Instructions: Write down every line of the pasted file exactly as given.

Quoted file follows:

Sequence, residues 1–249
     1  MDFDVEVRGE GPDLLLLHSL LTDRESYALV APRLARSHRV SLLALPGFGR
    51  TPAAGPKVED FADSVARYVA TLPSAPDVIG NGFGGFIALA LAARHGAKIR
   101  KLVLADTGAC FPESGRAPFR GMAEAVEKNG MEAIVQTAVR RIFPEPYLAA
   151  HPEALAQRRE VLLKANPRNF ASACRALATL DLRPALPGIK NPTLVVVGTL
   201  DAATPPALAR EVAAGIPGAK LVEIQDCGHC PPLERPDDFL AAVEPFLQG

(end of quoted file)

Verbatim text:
Sequence, residues 1–249
     1  MDFDVEVRGE GPDLLLLHSL LTDRESYALV APRLARSHRV SLLALPGFGR
    51  TPAAGPKVED FADSVARYVA TLPSAPDVIG NGFGGFIALA LAARHGAKIR
   101  KLVLADTGAC FPESGRAPFR GMAEAVEKNG MEAIVQTAVR RIFPEPYLAA
   151  HPEALAQRRE VLLKANPRNF ASACRALATL DLRPALPGIK NPTLVVVGTL
   201  DAATPPALAR EVAAGIPGAK LVEIQDCGHC PPLERPDDFL AAVEPFLQG